The Sports Sermon: Nationals bring hope to Washington

April 3, 2014

The Washington Nationals are different from all of the other professional sports franchises that call D.C. home. No, they haven’t won a title, but the simple fact that it seems likely that they might win a championship is unique among the sports teams of this city.

The Capitals looked like a championship contender in their heyday, but hit a block in the early rounds of the postseason. Now, they are playoff bottomfeeders that will give some excitement in the postseason, but never seriously threaten to win a Stanley Cup. The Wizards and the Redskins are similar.

Though the Skins are one of the most awful messes in the NFL, two seasons ago, despite the team making the playoffs, few believed that a deep run was in the making. The Wizards have been the same. In the Gilbert Arenas years, fans knew that no success lay beyond the first round. Even today, John Wall and friends are locked into a playoff spot, but only a fool would say that they would be able to compete with Indiana or Miami over the course of a seven game series.

The Nationals have disappointed come season’s end the past two years, but the oddsmakers and fans agree that the team is a very real threat to be playing in late October.

That’s a very rare mindset in this town. Earlier this week, as I talked about Opening Day and my fears about the season at work, a colleague approached me and said, “Oh, please. I don’t want to hear it. I’ve had to watch the Pirates lose for two thirds of my life.” I didn’t have the heart to put him in his place.

The Montreal Expos moved to Washington and became the Nationals in 2005. Until 2011, they weren’t just bad, they were horrific. A .500 season in 2005 was deceptive as the team tanked for the next five years, losing a league-worst 103 games in 2009. In 2011, as the team started to look up, my friends and I literally went to Nats Park and cheered for the team to reach .500. They didn’t. You could say, “Oh, five bad years isn’t so horrible. Look at how Cubs fans have had to suffer. Look at how Red Sox fans used to suffer.” The difference here? Forgetting the years before my time, I bet most of those Cubs fans got quite a bit of enjoyment from seeing Jordan’s Bulls win six titles and seeing the Blackhawks win two Stanley Cups. Boston fans had it bad? Even as Red Sox fans were in the midst of their drought, the Patriots won three Super Bowls. Poor Pittsburgh? The Steelers and Penguins have both won titles in the last ten years. The Redskins haven’t won two consecutive playoff games since 1991. The Wizards haven’t even made the Eastern Conference Finals since 1979. The Capitals have never won a Stanley Cup.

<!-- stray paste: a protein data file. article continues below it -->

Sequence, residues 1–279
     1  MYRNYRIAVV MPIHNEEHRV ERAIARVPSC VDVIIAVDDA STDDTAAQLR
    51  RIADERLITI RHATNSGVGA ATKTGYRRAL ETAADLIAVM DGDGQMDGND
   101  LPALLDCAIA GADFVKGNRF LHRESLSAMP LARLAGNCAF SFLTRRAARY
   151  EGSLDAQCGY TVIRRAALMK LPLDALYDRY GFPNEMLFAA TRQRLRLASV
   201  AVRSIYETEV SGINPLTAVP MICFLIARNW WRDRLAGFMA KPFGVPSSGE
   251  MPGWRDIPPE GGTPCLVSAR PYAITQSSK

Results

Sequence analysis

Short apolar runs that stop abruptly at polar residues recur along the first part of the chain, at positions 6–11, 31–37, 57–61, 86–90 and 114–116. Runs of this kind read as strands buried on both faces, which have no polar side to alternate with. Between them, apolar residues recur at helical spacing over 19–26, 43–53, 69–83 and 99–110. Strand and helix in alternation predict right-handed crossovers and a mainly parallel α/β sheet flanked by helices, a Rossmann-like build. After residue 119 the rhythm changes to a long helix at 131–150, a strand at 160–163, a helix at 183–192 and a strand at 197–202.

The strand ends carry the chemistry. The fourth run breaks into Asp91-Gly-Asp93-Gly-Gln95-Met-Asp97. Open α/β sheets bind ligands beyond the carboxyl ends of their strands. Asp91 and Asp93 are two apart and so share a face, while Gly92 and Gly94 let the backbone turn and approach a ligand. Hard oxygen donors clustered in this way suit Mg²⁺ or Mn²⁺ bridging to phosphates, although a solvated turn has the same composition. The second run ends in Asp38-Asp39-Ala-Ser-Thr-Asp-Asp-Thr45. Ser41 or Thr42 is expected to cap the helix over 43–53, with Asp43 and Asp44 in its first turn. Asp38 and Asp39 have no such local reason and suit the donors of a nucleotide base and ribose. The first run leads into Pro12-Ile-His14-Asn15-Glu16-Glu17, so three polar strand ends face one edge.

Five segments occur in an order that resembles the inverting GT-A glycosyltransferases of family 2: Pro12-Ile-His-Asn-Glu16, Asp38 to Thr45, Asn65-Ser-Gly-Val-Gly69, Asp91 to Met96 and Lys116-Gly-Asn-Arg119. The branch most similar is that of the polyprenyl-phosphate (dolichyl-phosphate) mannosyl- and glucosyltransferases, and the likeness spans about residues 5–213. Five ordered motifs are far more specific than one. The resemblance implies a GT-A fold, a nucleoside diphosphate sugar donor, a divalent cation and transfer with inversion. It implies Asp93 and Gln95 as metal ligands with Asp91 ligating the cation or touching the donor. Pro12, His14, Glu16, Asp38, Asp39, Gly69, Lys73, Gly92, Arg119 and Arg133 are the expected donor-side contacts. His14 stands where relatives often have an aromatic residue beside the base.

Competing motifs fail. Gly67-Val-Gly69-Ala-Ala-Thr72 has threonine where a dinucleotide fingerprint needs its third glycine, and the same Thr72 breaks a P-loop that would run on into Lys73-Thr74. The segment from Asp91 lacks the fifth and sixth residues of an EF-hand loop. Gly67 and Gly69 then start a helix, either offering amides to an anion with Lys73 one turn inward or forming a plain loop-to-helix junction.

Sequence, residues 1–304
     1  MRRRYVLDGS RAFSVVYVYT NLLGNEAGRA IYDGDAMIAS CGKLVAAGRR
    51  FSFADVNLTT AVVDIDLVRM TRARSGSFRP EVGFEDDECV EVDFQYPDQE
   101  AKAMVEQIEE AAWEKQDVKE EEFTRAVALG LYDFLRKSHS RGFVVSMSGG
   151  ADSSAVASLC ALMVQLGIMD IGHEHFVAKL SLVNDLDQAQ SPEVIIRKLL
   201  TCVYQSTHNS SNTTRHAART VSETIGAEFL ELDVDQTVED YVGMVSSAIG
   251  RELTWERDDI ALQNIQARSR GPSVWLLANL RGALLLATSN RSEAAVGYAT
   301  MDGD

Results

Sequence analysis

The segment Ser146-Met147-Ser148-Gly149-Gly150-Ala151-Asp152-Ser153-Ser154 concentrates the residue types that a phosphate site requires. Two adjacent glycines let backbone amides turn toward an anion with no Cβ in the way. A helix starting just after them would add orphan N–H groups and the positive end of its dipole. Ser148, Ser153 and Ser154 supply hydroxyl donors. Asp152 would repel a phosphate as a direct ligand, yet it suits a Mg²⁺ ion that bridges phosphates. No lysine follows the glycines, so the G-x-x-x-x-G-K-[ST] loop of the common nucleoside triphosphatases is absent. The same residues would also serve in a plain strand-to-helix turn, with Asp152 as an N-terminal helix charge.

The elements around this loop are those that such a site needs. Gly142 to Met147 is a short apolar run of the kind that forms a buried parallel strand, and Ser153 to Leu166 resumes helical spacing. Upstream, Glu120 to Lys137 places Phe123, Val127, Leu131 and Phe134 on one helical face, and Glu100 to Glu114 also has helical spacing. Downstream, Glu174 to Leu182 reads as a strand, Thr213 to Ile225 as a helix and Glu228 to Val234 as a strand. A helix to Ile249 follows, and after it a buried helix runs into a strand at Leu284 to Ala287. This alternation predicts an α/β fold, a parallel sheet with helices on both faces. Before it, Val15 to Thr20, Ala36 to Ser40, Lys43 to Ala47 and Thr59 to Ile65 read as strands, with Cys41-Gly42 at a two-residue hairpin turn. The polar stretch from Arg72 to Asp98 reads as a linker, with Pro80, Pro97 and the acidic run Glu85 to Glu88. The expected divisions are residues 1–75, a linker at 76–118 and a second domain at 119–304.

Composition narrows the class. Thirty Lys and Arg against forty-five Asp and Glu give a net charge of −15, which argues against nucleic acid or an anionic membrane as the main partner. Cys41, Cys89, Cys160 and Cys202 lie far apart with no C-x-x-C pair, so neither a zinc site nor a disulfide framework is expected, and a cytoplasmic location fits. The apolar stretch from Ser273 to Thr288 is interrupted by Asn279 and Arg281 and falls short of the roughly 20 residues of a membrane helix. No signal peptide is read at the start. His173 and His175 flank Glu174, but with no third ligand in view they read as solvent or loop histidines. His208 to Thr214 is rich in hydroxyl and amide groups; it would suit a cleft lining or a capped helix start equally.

This overwhelming tradition of losing over the last two decades is what makes the Nationals such a significant force in Washington sports. The lineup has everything you look for in a championship contender: strong role players, established veterans, young stars, and a strong rotation. With the other teams in Washington, losing trends have curtailed any optimism I would usually have. Even after the “spectacular” 2012-2013 football season, (by the way, this decade-best performance was a 10-6 record) I knew that no success was in store for the next season. And, of course, the Skins stumbled to a 3-13 record, including an eight game losing streak to close the season. The Wizards have young pieces in place this year, but I am unwilling to believe that the team will ever be a serious championship contender with only their current mainstays.

What do you look for in a team? Winning. If you believe that your team has a ceiling, there comes a point in the season where watching a game is a waste of time. This is the case with every Washington team, except the Nationals.

I believe that Bryce Harper can be the best player in baseball. I believe that Stephen Strasburg and Gio Gonzalez can lead the best pitching staff in the country. I believe that Ryan Zimmerman has all the leadership that you could ask for. And I believe that all these factors will come together this year to get what all sports fans want: wins.

Hope is what keeps us watching, and it’s certainly not abundant in Washington. But, with the Nationals, despite what has happened in the past,  I refuse to believe that failure is inevitable.

Chris Almeida
Chris Almeida was an editor for The Georgetown Voice and graduated in 2016.


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